Posts Tagged ‘Gerry Goffin’

Is there a better song than “Up on the Roof”?

According to Rolling Stone, the answer is yes – 113 songs, to be precise, as the original rendition by the Drifters, which was released in 1962, ranks No. 114 on Rolling Stone’s “500 Greatest Songs of All Time” list, which was put together in 2004.

I rate it higher.

Written by the husband-and-wife team of Gerry Goffin and Carole King, the single peaked at No. 5 on the pop charts and No. 4 on the R&B charts in early 1963. In the years since, it’s been covered by an array of artists, both in concert and on vinyl. The idea for the song came to King – who was all of 20 at the time – while she was out for a drive; her original title was “My Secret Place.” Goffin suggested the roof as the escape destination, as he was a West Side Story fan, and penned poetic lyrics that echo a universal truth. (American Songwriter delves deep into the song’s sophistication here.) 

Here’s the demo for it, which features Goffin singing and King playing piano.

As wonderful as the Drifters’ single is, however, it flopped in England – but East London-born Kenny Lynch’s version made it to the Top 10.

Up-and-coming singer Julie Grant made her U.K. chart debut with the song right around the same time.

In 1970, fellow New Yorker Laura Nyro recorded it for her Christmas and the Beads of Sweat album; it became her sole single to crack the Top 100, peaking at…No. 97?!

That same year, Carole King recorded it for her debut album, Writer.

A year later, Dusty Springfield performed it on the BBC’s The Rolf Harris Show

In 1975, Bruce Springsteen and the E Street Band covered it in concert:

In 1979, James Taylor – who had performed it with Carole King on Writer and their early tours together – scored a Top 40 hit with it.

Jumping ahead a few decades, Neil Diamond covered it on his 1993 salute to Brill Building songs…but the orchestral touches are a tad over the top, IMO.

The British pop duo Robson & Jerome topped the U.K. charts with their faithful cover of it in 1995…

 … and actor-singer Sutton Foster does a sweet version of it on her 2009 debut album, Wish.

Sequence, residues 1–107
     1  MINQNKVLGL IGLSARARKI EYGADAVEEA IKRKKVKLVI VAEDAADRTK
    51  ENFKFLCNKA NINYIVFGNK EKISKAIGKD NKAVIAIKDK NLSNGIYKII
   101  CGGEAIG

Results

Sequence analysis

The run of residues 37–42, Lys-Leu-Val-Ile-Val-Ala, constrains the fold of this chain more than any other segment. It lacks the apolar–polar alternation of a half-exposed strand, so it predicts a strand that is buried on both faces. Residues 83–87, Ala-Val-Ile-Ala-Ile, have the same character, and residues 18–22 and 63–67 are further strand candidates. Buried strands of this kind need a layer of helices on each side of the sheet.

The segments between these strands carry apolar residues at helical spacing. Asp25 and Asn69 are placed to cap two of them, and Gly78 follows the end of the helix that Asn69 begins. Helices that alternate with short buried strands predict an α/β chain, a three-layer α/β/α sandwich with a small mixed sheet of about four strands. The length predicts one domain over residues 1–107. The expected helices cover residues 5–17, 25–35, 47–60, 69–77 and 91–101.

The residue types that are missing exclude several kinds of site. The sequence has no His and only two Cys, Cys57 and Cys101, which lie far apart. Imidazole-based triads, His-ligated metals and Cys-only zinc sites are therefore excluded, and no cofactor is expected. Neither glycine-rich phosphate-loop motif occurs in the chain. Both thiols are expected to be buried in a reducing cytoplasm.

There are far too many additional covers of the song to list here, so I’ll close with this: Carole King and James Taylor at the Troubadour in 2010. does it get any better than this?

I rarely discuss matters of faith, but – when or if pressed – will confess to membership in the cross-denominational Church of Birch, whose charismatic prelate turns on the light of love and salvation in her melodic testimonies.

I’m speaking of singer-songwriter Diane Birch, of course.

Yesterday, she unveiled a PledgeMusic project. One could say she’s passing the donation plate to fund her next album, and promising a plethora of cool premiums in return. I pledged last night, though not for the premium I most desire – a cover song of my choice. That clocks in at a reasonable $400; if not for our impending move, and the upfront costs that will entail, I’d have clicked on it without a second thought. (Instead, I’m settling on the dream journal and USB thumb drive of demos.)

The Pastor Birch has a knack for turning the songs of others into her own. The first time we saw her live, in July 2009, she turned a fun rendition of Tom Petty’s “You Don’t Know How It Feels” into a way-cool moment by linking it with the Beatles’ “I Got a Feeling.” The second time we saw her, in 2010, it was a Hall & Oates song – “Rich Girl,” I believe. And in-between those two shows, on French TV, she turned in a mesmerizing spin of Gossip’s “Heavy Cross” that spliced in a little Screamin’ Jay Hawkins…

Which leads to today’s Top 5: Songs I’d Pay Diane Birch to Cover (If I Had the Cash)… 

1) Carole King/Gerry Goffin – “Up on the Roof.” My first choice. Simply put, it’s one of the greatest songs ever written…and Diane would send it into the stratosphere. Here’s Dusty Springfield’s take on it…

2) Laura Nyro – “The Sweet Sky.” My Diane’s first choice would be this deep cut from Laura Nyro’s 1978 Nested album.  (That’s Felix Cavaliere of the Rascals on electric piano, by the way.)

3) Paul Weller – “The Soul Searchers.” From Weller’s recent five-star album, True Meanings, this song is perfect fit for DB. I think she’d do wonders with it.

4) Neil Diamond – “Holly Holy.” DB would slay this stirring stream-of-consciousness song. It’s perfect for her.

5) Sandy Denny – “I’m a Dreamer.” Recorded for Sandy’s final studio album, Rendezvous, in 1977. Here’s an alternate take from the Notes and Words box set. (It’d go doubly well with DB’s own “Stand Under My Love.”)

And two bonuses…

6) Karla Bonoff – “Someone to Lay Down Beside Me,” which was recorded by Linda Ronstadt for her 1976 Hasten Down the Wind album. 

7) Style Council – “Shout to the Top.” I realized, looking at the first six picks, that I’d leaned hard on mid-tempo tunes. Here’s a remedy…and what a remedy!